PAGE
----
A story of two restaurants | Opinion
Huntsville is fortunate to have a lot of great restaurants, although less than just a few months ago, mostly due to COVID. It seems like you always enjoy certain things more after they’re gone. For example, Texan is gone, having been a downtown staple for many decades. Former SHSU students have fond memories of this institution, when there were fewer restaurants in town to choose from.
Restaurants have been opposing this for quite a while now. With the onset of COVID, mandatory limits on the number of customers that can be served, zero when closures were needed, to 25 to 50 to 75 percent. How long each level of occupation was decided for them by Austin or Washington. The attrition was heavy.
Looking back, sixty-three percent of restaurants laid off employees during the pandemic; 29 percent laid off more than three-quarters, according to the Penn State Social Science Institute. Ten percent of restaurants in the United States (79,438) have closed permanently since the start of the pandemic, a foodservice research firm has found.
Still, some things can no longer be blamed on COVID. As a long time resident of Huntsville, I visited just about every restaurant in town. This month, I visited two establishments that I favor with my patronage. During a meal, a visit with each manager was instructive.
The number one restaurant has been part of a national chain in Huntsville for many years. Its large menu attracts a clientele ranging from college students to seniors. As I approached, people stood outside, obviously on a waiting list. Since we were after peak lunch hours, I was a little surprised. I’m on the list.
Then I saw that half of the restaurant was closed, vacant. The other half was not full. My surprise turned into curiosity. I asked the hostess, today also the manager, the obvious question. Looking tired, he replied that work was his problem. It was down 60% among cooks, waiters were scarce and those who remained overworked. In an otherwise prosperous restaurant, he and his wife worked with a small team just to keep the doors open. He went on to say that when he was able to get candidates, more showed an upright attitude that he had not noticed before. He was not optimistic.
Our quartet was seated in the bar, a less desirable location, as we appreciate quieter places for conversation, but we didn’t object. We were served by a young man with a sweat on the forehead. He brought us a free aperitif for ‘having had to wait’, apologizing as he did. Obviously it was doing all it could, as it covered multiple server areas. A good meal – and – our eyes were opened.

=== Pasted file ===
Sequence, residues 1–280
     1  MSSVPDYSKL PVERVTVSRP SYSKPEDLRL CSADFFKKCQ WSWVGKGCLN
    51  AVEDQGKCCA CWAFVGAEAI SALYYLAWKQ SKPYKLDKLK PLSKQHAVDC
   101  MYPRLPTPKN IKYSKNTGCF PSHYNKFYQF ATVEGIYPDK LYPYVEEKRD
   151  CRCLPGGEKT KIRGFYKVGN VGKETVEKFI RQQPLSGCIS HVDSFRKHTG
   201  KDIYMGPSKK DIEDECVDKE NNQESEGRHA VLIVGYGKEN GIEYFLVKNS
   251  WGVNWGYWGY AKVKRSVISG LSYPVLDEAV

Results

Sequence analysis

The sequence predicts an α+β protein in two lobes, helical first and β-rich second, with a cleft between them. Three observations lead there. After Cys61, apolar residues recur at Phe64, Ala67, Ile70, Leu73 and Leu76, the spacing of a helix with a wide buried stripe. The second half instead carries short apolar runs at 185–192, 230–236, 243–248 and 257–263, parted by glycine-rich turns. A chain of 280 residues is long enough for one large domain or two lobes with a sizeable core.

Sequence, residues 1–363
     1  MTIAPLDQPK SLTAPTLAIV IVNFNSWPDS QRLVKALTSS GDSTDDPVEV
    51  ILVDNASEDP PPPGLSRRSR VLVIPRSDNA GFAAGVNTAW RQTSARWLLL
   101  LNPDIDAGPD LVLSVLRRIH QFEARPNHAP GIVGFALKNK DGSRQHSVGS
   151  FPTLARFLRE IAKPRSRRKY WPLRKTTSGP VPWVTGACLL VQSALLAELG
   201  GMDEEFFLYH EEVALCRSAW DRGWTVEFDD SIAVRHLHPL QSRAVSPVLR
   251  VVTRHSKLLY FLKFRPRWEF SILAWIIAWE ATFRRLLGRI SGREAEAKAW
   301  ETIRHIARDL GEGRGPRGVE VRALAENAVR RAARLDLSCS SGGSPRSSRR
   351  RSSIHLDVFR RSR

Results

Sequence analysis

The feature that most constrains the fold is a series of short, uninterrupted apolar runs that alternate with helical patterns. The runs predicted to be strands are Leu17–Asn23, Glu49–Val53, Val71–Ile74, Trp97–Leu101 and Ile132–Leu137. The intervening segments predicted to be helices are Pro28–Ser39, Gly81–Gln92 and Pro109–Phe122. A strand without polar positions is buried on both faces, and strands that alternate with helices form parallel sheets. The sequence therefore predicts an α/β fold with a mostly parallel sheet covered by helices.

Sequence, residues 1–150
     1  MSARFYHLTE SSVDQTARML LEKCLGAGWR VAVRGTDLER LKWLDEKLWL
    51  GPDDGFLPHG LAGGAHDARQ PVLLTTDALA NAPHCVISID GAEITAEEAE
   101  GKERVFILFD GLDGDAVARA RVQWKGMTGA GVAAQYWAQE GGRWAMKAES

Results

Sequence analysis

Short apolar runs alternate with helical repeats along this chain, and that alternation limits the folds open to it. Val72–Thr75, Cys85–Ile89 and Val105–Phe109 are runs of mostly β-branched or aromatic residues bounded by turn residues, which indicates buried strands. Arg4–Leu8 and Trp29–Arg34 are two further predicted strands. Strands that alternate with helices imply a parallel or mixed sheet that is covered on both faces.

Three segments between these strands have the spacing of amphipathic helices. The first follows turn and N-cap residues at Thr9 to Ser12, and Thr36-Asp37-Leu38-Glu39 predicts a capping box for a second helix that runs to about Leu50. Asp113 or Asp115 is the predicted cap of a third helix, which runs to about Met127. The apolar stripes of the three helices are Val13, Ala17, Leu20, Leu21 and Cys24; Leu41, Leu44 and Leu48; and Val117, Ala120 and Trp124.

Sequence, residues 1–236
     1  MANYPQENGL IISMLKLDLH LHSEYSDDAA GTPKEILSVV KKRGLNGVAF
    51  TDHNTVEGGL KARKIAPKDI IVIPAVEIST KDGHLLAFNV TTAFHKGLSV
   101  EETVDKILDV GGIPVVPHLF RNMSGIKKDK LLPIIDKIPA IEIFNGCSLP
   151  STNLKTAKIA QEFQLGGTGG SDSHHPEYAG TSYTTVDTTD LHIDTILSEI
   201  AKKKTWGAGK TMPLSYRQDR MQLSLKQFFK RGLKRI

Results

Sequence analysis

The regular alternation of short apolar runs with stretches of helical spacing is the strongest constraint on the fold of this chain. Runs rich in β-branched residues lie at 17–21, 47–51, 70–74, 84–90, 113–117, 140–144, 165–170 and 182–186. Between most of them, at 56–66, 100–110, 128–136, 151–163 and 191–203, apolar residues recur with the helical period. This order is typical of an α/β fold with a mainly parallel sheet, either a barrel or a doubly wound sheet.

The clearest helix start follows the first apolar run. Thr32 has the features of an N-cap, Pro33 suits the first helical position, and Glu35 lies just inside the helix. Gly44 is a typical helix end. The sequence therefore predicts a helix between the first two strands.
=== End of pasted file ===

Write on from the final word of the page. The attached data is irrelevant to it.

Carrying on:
The second restaurant is family-run, well located, also in operation for many years. It’s never as busy as the first restaurant (formerly), but the food and service is always very good to excellent. Their chef is family-run, so the quality of the food is constant. During the worst days past, without paid wait staff, they survived by filling in the gaps with family members. This manager has also had difficulty hiring employees and reports that candidates arrive with unrealistic expectations for the job. However, despite long hours and a variable clientele volume, the manager is always smiling and friendly. And – just as tired as the first one.
Two different restaurants. Two common denominators. Both have survived by doing what they have to do, with managers willing to get workers back to work. This type of “positive” attitude has made America a comfortable country to live in. Additionally, people’s willingness to go above and beyond to serve customers makes our lives more enjoyable.
The other common denominator is a labor shortage where there shouldn’t be (in August, 4.3 million Americans left their jobs – the most in two decades). COVID is one reason, but restaurants are no longer closed or occupancy is limited. Instead of “where’s the beef?” “We now ask” where’s the help? ” The other factor is government policies trying to address the labor shortage. I remember receiving money that I did not need from the federal government. Others needed them, but they were poorly distributed.
We realized in both cases that our advice could help make a difference. Raised in an age of ten percent tipping, we understand that twenty percent is the starting point for a tip these days, and a tip should be given with joy, like any gift.
It’s too early to say for sure, but is it possible that the pandemic and even more so our government’s response to it have changed our cultural work ethic forever? Has this contributed to a “work is optional” mentality among some of our potential workforce? Have unrealistic expectations emerged regarding jobs and wages? How will supply chain issues affect restaurant viability? All this and inflation too.
We may not have solutions or power, but we can surely influence the future of our own restaurants, by patronizing Huntsville restaurants, tipping those who can do the work of multiple people, and simply by being patient if things don’t go perfectly. Serving today’s public is no easy job. Our thanks must go to those who continue to come to work.
Gene G. Blair has resided in Huntsville for 42 years. He is retired from the Criminal Justice Center at SHSU and is also retired from the United States Army. He is a CASA board member for Walker, San Jacinto and Trinity counties.